Objectives: The purpose of this study was to evaluate the effects of oral care interventions on stroke patients in the intensive care unit (ICU). Oral hygiene levels, periodontal health, and presence of Candida were evaluated in patients who received an oral care intervention and control patients who did not receive the intervention.
Methods: In this study, 22 stroke patients who were admitted to the ICU between June 2011 and August 2012 underwent oral examinations and were provided with an oral care intervention that included tooth brushing with an interdental brush and the use of a chlorhexidine mouthwash (oral care group), while 21 patients who were admitted to the ICU during the same period did not receive the oral care intervention but underwent oral examination and served as controls (non-oral care group). In the oral care group, oral care was performed once a day for 1-5 weeks according to the general health of the patient. The patients in the oral care group underwent oral examination before and after the oral care intervention. Plaque index, gingival index, clinical attachment loss (CAL), and presence of Candida were evaluated in both the groups.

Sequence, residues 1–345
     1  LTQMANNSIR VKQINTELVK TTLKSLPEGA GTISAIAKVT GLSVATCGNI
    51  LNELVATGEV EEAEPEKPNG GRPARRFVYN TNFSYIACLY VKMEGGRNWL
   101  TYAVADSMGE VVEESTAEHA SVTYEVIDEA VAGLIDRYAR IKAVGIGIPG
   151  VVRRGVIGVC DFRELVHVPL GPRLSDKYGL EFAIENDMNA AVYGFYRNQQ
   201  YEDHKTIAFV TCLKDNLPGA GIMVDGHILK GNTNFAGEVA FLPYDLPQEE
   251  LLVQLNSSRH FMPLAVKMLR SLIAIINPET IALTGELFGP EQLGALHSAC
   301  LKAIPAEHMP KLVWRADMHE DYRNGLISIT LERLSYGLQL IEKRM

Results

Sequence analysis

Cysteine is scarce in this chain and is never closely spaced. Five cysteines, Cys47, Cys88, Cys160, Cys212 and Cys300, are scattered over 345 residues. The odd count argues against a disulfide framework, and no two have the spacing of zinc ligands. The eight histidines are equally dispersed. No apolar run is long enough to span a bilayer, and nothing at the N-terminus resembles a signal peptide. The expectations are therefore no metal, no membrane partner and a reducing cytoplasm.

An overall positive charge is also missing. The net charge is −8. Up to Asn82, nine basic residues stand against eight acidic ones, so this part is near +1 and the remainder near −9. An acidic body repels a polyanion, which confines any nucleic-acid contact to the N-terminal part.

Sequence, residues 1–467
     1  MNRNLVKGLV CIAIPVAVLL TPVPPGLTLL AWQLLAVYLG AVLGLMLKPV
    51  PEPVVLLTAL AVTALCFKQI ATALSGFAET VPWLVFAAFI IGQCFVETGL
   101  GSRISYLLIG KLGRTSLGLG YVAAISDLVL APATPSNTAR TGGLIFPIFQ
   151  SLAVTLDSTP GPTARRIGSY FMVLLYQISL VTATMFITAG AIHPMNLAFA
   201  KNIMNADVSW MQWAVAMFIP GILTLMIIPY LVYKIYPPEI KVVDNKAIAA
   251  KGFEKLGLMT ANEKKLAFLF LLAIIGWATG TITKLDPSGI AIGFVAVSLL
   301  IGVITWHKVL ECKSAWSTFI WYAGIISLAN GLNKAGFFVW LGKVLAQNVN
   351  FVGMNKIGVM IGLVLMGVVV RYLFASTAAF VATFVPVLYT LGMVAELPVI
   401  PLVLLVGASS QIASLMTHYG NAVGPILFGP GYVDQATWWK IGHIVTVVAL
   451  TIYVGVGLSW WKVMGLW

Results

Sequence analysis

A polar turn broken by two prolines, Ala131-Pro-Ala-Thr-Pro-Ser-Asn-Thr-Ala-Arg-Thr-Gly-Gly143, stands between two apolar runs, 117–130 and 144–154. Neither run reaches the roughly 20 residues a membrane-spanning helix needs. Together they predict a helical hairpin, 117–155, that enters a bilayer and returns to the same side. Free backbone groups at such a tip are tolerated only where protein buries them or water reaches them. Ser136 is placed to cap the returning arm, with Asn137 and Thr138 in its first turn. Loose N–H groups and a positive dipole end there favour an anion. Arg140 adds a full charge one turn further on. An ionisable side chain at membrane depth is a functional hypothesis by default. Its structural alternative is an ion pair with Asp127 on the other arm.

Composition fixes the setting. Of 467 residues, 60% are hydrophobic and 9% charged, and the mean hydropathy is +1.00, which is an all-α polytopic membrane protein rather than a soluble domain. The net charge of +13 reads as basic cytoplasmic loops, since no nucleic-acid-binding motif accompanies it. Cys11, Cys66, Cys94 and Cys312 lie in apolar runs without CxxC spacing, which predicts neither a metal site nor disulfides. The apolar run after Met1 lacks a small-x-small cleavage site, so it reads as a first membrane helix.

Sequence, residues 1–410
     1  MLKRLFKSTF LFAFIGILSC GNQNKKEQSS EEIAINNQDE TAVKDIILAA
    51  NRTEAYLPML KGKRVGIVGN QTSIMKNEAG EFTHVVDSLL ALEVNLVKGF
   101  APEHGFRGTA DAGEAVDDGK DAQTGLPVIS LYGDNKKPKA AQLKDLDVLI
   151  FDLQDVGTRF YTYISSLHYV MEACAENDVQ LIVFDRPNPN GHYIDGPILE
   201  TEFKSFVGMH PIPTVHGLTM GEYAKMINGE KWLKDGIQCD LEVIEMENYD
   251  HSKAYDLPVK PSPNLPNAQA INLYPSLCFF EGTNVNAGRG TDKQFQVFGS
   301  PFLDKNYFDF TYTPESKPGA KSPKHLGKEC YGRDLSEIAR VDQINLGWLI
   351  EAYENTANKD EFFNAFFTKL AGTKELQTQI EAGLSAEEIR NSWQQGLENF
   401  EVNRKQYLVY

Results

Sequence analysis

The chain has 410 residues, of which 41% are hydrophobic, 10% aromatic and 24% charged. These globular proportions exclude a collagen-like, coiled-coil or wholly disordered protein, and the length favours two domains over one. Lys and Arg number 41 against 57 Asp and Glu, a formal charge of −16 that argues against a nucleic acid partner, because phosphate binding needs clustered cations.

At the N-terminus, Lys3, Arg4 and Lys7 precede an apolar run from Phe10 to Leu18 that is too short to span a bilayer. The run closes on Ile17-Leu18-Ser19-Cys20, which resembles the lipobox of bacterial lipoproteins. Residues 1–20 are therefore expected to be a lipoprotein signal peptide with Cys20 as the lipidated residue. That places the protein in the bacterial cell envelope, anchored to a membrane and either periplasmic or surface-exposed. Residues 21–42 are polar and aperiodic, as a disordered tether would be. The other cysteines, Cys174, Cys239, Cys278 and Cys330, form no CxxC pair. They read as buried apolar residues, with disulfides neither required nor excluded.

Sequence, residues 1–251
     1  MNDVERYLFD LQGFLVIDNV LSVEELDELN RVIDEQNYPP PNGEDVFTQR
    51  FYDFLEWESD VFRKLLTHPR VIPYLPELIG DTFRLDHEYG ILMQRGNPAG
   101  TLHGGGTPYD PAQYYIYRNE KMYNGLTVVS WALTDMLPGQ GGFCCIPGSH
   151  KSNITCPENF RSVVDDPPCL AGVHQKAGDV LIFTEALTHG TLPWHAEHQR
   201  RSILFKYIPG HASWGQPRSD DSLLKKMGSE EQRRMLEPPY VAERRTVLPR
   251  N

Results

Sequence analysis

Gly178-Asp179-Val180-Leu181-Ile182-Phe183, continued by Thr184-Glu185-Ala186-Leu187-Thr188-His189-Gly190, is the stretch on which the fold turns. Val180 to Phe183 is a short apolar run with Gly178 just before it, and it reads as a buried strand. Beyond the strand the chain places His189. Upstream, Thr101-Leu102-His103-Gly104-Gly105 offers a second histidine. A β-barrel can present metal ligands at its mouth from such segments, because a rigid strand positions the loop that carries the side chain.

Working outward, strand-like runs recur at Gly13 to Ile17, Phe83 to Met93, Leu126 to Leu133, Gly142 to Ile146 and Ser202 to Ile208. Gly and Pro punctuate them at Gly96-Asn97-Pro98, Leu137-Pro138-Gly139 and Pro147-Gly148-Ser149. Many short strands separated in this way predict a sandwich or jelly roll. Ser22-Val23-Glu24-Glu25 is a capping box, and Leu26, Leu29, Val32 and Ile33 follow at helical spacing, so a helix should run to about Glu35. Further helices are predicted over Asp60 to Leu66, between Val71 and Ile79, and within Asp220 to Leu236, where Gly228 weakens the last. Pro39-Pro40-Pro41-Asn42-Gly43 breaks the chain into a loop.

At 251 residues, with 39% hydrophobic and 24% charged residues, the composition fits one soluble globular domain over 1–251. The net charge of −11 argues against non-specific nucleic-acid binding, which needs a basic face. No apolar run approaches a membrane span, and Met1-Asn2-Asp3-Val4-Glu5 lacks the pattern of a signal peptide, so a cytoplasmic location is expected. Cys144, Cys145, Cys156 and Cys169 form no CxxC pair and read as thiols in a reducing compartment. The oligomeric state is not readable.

Results: The plaque index and gingival index of the oral care group were significantly lower than those of the non-oral care group; however, no significant difference in CAL was observed. The levels of Candida in the oral care group were lower than those in the non-oral care group. However, no significant intergroup difference was observed in the levels of Candida.
Conclusions: Oral care interventions improved oral health, including oral hygiene and periodontal health, of stroke patients in the ICU. Therefore, this study showed that oral care interventions can be effectively used to improve the oral health of stroke patients in the ICU.